Multivariate Bayesian decoding of single-trial event-related fMRI responses for memory retrieval of voluntary actions

PLoS One. 2017 Aug 4;12(8):e0182657. doi: 10.1371/journal.pone.0182657. eCollection 2017.


This study proposes a method for classifying event-related fMRI responses in a specialized setting of many known but few unknown stimuli presented in a rapid event-related design. Compared to block design fMRI signals, classification of the response to a single or a few stimulus trial(s) is not a trivial problem due to contamination by preceding events as well as the low signal-to-noise ratio. To overcome such problems, we proposed a single trial-based classification method of rapid event-related fMRI signals utilizing sparse multivariate Bayesian decoding of spatio-temporal fMRI responses. We applied the proposed method to classification of memory retrieval processes for two different classes of episodic memories: a voluntarily conducted experience and a passive experience induced by watching a video of others' actions. A cross-validation showed higher classification performance of the proposed method compared to that of a support vector machine or of a classifier based on the general linear model. Evaluation of classification performances for one, two, and three stimuli from the same class and a correlation analysis between classification accuracy and target stimulus positions among trials suggest that presenting two target stimuli at longer inter-stimulus intervals is optimal in the design of classification experiments to identify the target stimuli. The proposed method for decoding subject-specific memory retrieval of voluntary behavior using fMRI would be useful in forensic applications in a natural environment, where many known trials can be extracted from a simulation of everyday tasks and few target stimuli from a crime scene.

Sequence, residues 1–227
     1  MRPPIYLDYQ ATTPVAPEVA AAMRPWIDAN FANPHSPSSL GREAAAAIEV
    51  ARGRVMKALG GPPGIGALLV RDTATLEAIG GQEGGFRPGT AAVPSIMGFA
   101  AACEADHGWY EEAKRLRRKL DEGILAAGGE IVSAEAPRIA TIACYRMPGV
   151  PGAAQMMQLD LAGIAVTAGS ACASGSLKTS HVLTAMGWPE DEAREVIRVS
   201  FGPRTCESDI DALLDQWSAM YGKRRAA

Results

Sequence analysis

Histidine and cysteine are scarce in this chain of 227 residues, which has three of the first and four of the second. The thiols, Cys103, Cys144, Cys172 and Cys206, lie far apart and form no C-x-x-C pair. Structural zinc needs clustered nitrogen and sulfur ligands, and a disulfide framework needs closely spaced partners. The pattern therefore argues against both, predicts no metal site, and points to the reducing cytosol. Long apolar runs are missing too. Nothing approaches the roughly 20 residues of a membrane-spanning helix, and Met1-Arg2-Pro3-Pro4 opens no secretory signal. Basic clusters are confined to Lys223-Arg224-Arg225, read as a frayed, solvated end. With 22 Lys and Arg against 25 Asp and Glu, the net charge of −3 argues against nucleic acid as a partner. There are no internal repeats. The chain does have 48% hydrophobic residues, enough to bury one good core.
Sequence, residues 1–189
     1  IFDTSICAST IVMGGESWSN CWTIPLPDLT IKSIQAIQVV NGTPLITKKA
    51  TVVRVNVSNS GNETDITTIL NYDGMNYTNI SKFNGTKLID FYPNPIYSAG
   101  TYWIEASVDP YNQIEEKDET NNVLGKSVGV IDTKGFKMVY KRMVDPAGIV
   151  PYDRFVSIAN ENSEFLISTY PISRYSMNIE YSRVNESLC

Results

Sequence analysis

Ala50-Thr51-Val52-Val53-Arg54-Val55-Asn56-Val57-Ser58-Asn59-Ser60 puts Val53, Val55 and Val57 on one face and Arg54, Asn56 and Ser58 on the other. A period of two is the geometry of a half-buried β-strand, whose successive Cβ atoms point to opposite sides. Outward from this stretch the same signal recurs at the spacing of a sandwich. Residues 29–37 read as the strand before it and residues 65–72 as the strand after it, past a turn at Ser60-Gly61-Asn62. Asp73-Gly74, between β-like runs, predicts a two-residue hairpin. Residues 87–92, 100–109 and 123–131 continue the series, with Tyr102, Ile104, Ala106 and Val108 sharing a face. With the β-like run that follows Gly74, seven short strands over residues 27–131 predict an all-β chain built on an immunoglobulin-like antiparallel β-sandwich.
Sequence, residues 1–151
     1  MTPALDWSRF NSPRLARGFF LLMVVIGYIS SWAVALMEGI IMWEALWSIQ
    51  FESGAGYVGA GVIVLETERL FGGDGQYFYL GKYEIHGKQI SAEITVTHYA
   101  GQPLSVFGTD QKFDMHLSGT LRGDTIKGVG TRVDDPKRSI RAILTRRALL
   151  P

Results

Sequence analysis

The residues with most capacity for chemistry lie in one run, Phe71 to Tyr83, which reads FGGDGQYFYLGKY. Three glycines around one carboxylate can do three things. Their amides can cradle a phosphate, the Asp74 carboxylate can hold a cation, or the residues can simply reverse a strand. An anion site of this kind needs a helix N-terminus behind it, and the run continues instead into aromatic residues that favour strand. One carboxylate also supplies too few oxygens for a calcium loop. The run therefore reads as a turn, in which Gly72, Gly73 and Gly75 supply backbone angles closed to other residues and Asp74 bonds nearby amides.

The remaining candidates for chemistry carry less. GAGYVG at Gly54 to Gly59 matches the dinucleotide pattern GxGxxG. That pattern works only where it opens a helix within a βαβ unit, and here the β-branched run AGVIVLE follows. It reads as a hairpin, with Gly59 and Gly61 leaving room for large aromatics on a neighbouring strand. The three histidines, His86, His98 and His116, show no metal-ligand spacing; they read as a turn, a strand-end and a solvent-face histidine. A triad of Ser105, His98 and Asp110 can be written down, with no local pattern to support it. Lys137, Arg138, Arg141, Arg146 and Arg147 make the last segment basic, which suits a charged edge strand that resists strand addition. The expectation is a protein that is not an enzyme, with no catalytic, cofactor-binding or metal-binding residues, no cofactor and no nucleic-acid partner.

MeSH terms

  • Activities of Daily Living
  • Algorithms
  • Bayes Theorem*
  • Brain / physiology*
  • Brain Mapping / methods*
  • Humans
  • Image Processing, Computer-Assisted / methods*
  • Magnetic Resonance Imaging / methods*
  • Mental Recall / physiology*
  • Models, Statistical*
  • Reaction Time
  • Signal-To-Noise Ratio

Grant support

This work was supported by a grant from the National Research Foundation of Korea (NRF), funded by the Korean government (MSIP) (No. 2014R1A2A1A10052762; The funder had no role in study design, data collection and analysis, decision to publish, or preparation of the manuscript.